Protesters are confident the World Bank will maintain its freeze on loans to Cambodia until the Boeung Kak lake land dispute is resolved, a village representative said yesterday.
Amid a 100-strong protest outside, seven representatives met with World Bank country manager Alassane Sow at his office in Norodom Boulevard, where they claim he made a strong pledge to help them.
“We’re happy,” Boeung Kak lake resident Doung Kea said after the meeting. “He claims he will continue to freeze loans to the government if there is no solution to our land dispute in a transparent way.”
The World Bank last loaned to Cambodia in December 2010 and said in August last year it would not offer more loans to the government until it resolved the Boeung Kak dispute.
Later that month, Prime Minister Hun Sen announced on-site relocation for more than 750 families in an area of 12.44 hectares – land yet to be demarcated.
In response to questions to Sow about the World Bank’s position on loaning to Cambodia, country spokesman Bou Saroeun yesterday asked for emailed correspondence, before referring to vice-president Pamela Cox’s comments about the matter in the Post on December 7.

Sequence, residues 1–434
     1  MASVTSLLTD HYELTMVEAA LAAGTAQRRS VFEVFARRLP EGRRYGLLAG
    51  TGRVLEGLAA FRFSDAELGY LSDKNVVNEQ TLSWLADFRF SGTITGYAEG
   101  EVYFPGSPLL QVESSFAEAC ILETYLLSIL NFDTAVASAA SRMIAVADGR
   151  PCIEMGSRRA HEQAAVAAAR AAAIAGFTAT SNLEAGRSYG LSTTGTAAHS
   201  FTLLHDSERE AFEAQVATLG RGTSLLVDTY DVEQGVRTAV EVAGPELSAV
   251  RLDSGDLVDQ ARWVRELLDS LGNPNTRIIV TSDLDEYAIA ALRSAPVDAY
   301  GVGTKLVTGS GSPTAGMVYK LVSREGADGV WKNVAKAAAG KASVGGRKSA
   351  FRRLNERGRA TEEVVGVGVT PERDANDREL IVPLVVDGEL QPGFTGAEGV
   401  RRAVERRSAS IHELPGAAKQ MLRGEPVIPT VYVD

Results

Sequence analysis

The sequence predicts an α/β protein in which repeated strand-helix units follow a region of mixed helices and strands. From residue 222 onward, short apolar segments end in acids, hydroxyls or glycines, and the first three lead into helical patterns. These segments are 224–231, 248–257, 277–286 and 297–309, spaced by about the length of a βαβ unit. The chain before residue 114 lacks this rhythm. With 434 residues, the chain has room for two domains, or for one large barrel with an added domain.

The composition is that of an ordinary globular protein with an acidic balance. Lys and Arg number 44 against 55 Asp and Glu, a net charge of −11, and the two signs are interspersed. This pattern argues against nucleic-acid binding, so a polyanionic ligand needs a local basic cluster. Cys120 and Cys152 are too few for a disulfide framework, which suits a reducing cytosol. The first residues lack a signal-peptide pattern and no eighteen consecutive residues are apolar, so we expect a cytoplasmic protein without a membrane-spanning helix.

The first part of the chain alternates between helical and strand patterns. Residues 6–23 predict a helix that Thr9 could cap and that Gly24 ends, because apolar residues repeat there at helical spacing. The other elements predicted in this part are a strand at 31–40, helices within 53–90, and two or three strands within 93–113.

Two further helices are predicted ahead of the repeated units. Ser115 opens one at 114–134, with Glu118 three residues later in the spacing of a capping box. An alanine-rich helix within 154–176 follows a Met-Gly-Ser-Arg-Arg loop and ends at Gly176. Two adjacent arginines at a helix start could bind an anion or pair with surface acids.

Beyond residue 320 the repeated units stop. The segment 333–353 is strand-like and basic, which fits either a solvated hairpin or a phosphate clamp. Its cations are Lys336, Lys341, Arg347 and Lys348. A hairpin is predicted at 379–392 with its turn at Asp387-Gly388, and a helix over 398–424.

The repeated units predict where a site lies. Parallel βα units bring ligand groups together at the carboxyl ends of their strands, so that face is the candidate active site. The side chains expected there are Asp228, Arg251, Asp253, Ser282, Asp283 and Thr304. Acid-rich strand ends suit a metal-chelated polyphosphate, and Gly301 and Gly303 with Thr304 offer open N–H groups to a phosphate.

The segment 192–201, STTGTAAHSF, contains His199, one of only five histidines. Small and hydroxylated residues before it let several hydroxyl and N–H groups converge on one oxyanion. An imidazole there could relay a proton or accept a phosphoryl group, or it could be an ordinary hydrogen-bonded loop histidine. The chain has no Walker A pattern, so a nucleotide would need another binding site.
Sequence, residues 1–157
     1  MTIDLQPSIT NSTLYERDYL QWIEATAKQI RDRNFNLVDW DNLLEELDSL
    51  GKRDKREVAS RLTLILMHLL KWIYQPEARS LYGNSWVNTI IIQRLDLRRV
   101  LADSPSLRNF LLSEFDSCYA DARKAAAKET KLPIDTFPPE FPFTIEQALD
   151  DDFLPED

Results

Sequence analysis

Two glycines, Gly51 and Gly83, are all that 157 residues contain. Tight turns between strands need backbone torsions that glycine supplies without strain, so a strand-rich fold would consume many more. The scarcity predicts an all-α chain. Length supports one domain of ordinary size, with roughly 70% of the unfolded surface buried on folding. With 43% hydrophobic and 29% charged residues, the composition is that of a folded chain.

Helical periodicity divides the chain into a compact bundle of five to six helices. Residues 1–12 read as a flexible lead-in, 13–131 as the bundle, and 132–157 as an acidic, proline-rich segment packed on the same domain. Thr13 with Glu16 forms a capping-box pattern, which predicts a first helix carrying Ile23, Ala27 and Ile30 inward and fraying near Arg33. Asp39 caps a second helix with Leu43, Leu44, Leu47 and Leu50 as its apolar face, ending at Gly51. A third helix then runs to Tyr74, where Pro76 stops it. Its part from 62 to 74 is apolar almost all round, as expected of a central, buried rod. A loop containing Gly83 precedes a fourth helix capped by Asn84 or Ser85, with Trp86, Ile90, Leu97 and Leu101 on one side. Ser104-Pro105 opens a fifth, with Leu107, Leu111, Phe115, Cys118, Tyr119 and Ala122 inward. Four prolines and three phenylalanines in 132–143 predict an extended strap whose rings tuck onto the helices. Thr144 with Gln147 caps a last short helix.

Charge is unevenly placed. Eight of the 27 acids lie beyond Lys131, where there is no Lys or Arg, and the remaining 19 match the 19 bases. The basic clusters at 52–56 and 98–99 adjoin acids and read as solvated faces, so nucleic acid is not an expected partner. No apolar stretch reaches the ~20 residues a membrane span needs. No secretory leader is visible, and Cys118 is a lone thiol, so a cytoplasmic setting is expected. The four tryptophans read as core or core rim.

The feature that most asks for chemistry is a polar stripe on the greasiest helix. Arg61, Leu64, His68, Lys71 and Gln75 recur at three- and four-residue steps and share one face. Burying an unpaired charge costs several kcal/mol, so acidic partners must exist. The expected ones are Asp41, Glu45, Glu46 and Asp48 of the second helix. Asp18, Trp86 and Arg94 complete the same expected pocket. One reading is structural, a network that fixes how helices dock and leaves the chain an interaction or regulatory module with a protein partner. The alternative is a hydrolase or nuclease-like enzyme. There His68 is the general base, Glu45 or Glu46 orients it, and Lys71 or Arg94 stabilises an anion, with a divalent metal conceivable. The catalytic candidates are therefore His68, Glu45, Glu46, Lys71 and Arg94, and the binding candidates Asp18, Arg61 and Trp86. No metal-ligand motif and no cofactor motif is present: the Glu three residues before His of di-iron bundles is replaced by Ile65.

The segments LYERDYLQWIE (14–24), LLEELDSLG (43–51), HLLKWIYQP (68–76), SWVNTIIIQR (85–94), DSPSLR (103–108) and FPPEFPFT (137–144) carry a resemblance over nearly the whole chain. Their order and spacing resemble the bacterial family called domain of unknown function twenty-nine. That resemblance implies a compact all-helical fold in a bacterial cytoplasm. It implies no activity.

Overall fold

Back then, Cox said World Bank loans to Cambodia would not resume before the 2013 national election, but said the bank didn’t put conditions on loans.
Monday’s Gangnam Style-influenced show of dissent gave way to a more customary protest outside the bank yesterday, involving villagers from Boeung Kak, Borei Keila and Thma Kul communities.
It came as rights group Amnesty International called for the release of land-eviction protesters Yorm Bopha, 29, from Boeung Kak, and Borei Keila’s Tim Sakmony, 65, describing charges as “trumped up”.
“We consider both women to be prisoners of conscience, and they should be released immediately” said Amnesty campaigner Janice Beanland. Both women have been held in Prey Sar on separate charges since early September and will go to trial on Wednesday.